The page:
Missouri must fix Kansas City mental health hospital, but the problem is much bigger | Opinion

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If Gov. Mike Parson signs off on construction of a new $300-million psychiatric hospital in Kansas City — and we urge him to — Missouri will take a small, but important, step to fix a broken system.

In 2004, the state’s Center for Behavioral Medicine opened on Hospital Hill, replacing the outdated and dilapidated Western Missouri Mental Health Center. But now, less than two decades later, the building housing the center is being described as a dump unfit for patients.

“It is in terrible disrepair,” state Sen. Greg Razer, a Kansas City Democrat, told The Star “I toured it a few weeks ago and, I mean, we should not have humans living there. Just the lack of sunlight, I can’t even describe it.”

But before putting $300 million into a replacement facility, state officials would do well to figure out how the 2004 structure deteriorated so quickly. Taxpayers don’t want to be told 20 years from now that this new building also has been allowed to crumble.

That said, there is an urgent need for quality mental health treatment options. The COVID-19 pandemic not only added to the mental stress on the population — it also revealed that our system for helping Missourians with mental illness isn’t much of a well-planned system at all. It’s a patchwork of public and private answers that doesn’t always get the job done.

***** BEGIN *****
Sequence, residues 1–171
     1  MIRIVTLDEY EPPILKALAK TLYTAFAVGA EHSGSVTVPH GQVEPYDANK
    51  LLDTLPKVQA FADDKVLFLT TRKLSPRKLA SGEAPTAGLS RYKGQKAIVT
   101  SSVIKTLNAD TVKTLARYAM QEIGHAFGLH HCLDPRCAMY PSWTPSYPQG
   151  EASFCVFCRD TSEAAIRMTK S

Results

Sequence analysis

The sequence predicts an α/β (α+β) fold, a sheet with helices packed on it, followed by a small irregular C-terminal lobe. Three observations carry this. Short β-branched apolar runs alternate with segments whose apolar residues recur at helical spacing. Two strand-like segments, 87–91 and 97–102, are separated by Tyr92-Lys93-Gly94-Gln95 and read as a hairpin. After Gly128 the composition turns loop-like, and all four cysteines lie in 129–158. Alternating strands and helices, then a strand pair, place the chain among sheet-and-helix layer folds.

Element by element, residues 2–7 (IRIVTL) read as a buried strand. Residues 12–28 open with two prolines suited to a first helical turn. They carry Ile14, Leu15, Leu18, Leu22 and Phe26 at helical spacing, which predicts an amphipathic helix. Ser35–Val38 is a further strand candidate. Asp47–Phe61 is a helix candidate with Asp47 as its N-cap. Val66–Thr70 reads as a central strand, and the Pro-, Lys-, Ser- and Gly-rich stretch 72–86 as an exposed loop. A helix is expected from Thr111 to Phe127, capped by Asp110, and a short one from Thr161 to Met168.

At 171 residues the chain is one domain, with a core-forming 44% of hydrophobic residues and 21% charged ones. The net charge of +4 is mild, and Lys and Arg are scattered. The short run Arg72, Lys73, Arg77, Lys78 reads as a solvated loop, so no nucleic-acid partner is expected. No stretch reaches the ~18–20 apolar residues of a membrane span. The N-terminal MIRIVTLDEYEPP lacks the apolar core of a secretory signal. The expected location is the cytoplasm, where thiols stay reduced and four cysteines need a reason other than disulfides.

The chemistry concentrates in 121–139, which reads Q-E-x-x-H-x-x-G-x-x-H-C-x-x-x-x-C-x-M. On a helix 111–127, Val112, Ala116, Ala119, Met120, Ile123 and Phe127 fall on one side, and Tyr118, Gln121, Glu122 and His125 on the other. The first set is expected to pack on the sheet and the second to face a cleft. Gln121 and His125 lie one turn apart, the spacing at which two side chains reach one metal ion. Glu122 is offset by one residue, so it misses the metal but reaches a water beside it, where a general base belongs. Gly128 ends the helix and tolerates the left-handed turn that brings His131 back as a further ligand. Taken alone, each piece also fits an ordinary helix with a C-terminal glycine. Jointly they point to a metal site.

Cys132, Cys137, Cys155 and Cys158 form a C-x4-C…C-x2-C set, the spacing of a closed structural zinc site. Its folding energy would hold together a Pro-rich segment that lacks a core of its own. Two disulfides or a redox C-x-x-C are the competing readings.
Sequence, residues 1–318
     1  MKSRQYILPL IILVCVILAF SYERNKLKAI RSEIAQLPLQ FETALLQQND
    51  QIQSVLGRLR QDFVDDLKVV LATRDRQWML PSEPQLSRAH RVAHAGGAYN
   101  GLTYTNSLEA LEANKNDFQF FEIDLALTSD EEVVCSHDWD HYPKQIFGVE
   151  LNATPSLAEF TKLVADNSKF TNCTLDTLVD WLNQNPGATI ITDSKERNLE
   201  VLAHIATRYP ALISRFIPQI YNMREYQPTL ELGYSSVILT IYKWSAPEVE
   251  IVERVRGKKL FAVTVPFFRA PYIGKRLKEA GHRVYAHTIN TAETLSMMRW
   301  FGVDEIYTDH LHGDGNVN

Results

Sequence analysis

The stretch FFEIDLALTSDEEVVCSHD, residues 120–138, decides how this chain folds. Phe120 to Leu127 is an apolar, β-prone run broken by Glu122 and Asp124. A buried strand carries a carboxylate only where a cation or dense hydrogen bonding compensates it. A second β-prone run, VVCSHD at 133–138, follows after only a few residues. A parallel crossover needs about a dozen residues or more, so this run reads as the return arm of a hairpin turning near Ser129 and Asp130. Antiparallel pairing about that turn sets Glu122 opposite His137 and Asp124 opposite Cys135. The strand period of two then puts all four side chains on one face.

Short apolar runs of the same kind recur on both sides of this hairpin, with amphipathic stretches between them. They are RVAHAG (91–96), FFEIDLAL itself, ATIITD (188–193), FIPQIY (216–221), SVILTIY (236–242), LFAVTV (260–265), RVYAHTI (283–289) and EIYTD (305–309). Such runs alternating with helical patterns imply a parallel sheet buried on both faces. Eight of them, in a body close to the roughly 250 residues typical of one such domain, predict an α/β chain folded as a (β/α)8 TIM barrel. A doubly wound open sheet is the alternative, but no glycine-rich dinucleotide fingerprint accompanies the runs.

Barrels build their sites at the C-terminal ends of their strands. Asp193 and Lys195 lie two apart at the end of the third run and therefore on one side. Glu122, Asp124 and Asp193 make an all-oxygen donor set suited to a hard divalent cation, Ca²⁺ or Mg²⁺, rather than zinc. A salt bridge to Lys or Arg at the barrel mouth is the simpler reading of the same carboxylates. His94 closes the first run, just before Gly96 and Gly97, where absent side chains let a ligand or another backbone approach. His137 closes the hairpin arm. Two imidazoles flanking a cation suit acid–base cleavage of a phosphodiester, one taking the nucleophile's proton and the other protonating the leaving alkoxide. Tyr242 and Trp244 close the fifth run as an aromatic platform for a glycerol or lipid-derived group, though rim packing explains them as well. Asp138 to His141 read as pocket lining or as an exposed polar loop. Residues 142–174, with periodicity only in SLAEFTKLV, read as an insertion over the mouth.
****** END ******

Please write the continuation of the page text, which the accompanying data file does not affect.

As the state invests in this new facility, it also should put resources into a thorough review of what our mental health system needs to make it both effective and efficient.

But expectations for a well-planned system need to be reasonable. A good system for treating people with mental challenges will not fix everything that needs fixing. For instance, after almost every mass shooting — now a daily occurrence somewhere in the U.S. — the public hears calls for improved mental health treatment options. And they are needed, but so are sensible laws to limit access to high-powered weapons designed to be used by the military, not by civilians.

Beyond that, officials evaluating mental health treatment options need to take into account the factors that were not adding to psychological stresses just a few years ago. For instance, the high-tech companies that run social media platforms add to mental health problems by using algorithms that systematically drive users deeper into rabbit holes of misinformation, disinformation, conspiracy theories and more — all in the name of profit through advertising.

What once was touted as the great information superhighway has turned into what often seems like a destructive traffic jam of rage. One result is that the well-being of social media users suffers, sometimes overwhelming the capacity of the mental health system.

A related issue, as The Star reported, is that a shortage of beds has forced some patients who should be in a mental health hospital to remain in jail, where they get no treatment.

Charlie Shields, president of University Health, put it this way: “They have folks that right now need this kind of treatment that are sitting in county jails across the state, (who), frankly, can’t get the treatment they need to get them to the point where they can properly represent themselves in trial.”

If Gov. Parson approves the funding, the new facility would have 100 beds that the state would operate for long-term care and 100 beds that University Health would oversee. The funding also would pay for an emergency department to which anyone in crisis could come to receive care.

But, of course, construction will take time, meaning that authorities should do whatever they can now to make the current Center for Behavioral Medicine as livable as possible. And the state should do a thorough review of how it approaches mental health treatment so that when the new center opens it can be part of a rational, efficient and effective system for the many people who need high-quality services.